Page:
Friday, January 6, 2012

Theoharides on the Education of the T-Wolves

 Alex Theoharides (@Minne_Pop) returns to take on the early season successes and failures of the "indie" team of the moment—The Minnesota Timberwolves.

In the early start to the NBA season, The Minnesota Timberwolves have become one of the most entertaining teams in the league, equally capable of making young boys and sage editors (re: Matt Domino) yearn for their games to be shown on NBA TV. Led by new coach Rick Adelman, The Wolves play a fast and loose brand of basketball, designed to take advantage of their plethora of ball handlers (Ricky Rubio, JJ Barea, Luke Ridnour) and talented rebounders (Kevin Love, Anthony Tolliver, Darko Milicic). Despite playing several of the best teams closely, the Wolves record 2 wins, 4 losses (as of Friday) was also reflective of their youth.

Take a look at their four losses:

Mon, Dec 26
Tue, Dec 27
Fri, Dec 30
Wed, Jan 4

In each of the four losses, the Wolves were within four points. Although three of the four opponents were quality teams, who the Wolves were expected to lose to, looking more closely at these games reveals that the Wolves are losing for the many of the same reasons that they lost close games last season. At the end of games, their options on offensive are extremely limited. Their most talented scoring threat is Michael Beasley, who is averaging a meager 13.5 points per game, while shooting only 40% from the field. Beasley is also prone to turning the ball over at the end of games, talking to himself at the foul line, and leading my coworkers to ask me if I thought he was stoned during the games (to which I almost always nod my head yes). Not exactly, the player you want handling the ball late in games.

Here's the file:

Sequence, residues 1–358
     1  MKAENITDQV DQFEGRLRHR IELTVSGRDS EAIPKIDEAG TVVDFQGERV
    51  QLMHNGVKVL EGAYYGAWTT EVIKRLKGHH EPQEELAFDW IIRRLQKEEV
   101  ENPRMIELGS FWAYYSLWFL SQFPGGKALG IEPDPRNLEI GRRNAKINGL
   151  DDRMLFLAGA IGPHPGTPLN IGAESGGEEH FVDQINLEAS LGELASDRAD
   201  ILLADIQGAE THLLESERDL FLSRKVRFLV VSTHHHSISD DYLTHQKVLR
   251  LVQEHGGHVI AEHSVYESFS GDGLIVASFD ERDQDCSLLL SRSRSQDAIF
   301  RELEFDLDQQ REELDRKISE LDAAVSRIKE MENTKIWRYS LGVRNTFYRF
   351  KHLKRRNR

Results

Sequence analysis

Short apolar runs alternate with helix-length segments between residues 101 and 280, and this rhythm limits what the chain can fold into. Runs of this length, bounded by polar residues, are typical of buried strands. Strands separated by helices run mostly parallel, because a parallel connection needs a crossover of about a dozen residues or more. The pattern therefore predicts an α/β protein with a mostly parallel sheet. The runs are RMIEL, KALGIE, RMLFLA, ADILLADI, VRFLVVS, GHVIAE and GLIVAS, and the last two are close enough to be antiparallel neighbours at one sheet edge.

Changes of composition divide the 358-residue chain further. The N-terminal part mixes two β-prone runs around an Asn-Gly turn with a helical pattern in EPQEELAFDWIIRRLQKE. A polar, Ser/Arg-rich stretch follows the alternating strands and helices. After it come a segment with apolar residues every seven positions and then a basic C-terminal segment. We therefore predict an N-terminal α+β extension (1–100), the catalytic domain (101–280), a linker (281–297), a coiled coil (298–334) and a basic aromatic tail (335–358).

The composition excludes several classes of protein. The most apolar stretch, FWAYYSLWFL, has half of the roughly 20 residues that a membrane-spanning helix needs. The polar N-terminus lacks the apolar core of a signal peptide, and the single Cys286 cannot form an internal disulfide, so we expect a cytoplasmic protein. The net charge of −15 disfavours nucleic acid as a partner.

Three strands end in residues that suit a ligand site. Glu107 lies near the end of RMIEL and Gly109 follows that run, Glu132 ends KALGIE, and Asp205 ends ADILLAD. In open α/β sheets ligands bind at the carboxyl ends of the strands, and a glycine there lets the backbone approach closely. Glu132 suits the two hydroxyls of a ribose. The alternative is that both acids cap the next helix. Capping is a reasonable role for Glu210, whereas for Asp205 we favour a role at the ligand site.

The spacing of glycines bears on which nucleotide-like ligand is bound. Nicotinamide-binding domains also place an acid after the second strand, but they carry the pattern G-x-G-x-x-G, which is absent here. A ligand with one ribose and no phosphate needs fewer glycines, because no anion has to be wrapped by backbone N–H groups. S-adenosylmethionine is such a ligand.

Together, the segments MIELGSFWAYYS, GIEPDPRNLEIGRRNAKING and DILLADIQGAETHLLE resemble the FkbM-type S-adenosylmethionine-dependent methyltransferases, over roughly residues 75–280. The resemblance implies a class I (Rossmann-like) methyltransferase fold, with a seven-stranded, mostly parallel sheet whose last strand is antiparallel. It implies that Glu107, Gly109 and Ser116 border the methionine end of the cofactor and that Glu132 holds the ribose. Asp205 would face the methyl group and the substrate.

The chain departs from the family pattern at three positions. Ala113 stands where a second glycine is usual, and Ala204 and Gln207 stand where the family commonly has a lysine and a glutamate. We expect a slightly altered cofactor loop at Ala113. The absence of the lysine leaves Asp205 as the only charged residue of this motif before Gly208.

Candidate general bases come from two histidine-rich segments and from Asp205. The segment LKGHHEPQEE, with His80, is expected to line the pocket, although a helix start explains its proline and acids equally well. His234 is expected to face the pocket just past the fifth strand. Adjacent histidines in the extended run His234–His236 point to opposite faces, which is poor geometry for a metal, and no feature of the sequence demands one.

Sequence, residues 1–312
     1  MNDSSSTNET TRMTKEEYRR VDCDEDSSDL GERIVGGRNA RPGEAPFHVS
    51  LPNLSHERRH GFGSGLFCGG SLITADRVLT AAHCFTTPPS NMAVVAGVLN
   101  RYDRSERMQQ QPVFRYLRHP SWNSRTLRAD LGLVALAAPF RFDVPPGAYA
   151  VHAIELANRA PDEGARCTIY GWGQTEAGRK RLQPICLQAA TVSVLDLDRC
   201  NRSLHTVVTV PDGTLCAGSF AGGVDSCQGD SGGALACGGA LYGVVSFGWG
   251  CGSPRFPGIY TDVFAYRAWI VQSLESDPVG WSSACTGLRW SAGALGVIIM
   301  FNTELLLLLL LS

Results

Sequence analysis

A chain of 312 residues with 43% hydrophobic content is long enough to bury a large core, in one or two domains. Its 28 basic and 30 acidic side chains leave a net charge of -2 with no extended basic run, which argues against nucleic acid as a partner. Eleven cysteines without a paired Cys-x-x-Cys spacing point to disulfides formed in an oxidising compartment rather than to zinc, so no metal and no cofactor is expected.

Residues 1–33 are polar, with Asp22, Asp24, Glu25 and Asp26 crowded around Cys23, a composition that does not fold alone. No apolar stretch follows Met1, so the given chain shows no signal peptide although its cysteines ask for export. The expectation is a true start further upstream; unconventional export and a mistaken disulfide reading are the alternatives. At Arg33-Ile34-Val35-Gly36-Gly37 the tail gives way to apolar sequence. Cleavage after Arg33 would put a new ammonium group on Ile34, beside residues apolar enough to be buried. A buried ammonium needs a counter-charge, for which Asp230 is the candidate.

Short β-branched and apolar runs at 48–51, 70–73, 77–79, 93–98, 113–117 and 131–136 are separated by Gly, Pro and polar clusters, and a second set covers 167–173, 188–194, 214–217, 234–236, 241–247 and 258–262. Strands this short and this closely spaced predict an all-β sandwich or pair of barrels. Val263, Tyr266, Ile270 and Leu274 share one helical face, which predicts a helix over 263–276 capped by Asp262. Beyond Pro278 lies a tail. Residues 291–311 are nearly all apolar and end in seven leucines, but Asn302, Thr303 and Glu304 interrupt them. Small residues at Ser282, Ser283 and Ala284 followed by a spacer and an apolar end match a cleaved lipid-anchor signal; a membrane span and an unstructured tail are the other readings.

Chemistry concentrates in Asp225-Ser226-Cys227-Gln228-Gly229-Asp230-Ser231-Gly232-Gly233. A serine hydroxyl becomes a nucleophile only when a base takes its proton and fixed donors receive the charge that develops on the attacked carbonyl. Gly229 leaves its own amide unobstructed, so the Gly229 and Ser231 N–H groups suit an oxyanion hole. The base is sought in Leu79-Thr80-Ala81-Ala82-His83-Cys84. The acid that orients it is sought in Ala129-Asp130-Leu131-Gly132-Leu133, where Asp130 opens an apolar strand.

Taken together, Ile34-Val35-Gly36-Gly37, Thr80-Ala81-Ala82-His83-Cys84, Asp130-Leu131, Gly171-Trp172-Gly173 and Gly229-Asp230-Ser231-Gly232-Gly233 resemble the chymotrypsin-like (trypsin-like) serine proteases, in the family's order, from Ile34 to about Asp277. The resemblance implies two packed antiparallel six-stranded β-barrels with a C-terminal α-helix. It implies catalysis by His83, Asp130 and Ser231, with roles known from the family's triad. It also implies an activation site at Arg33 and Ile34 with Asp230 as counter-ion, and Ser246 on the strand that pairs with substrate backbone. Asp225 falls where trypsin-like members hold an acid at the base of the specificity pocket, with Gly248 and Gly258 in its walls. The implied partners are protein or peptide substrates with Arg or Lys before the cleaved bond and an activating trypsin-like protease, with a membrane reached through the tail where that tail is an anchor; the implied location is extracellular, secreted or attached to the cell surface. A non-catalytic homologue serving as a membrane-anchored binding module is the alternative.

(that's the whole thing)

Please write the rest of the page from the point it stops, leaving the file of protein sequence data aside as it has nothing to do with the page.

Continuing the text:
Meanwhile, the team’s best player (by far) Kevin Love isn’t the type of scorer who can create shots for himself. His best offensive skills are his three point shot and his ability to put back offensive rebounds. After losing nearly 25 pounds in the off-season, his post moves and his ability to drive to rim have both improved. However, no one will ever confuse him for being Zach Randolph.

Luckily, the young Wolves upcoming schedule (vs. Cleveland, @Washington, @Toronto) should give them the opportunity to learn how to close out games. In particular, it would be advisable for Adelman to keep the ball in Spanish sensation Ricky Rubio’s hands, allowing him to create open looks for his opponents down the stretch. Rubio is second in the team in both PER and Plus/Minus, and leads the Wolves in assists, averaging 7.0 per game. By surrounding Rubio with shooters like Love and Barea, and slashing big men such as rookie Derrick Williams and the oft-overlooked Tolliver, he should be able to lead the Wolves to easy baskets late in the game.

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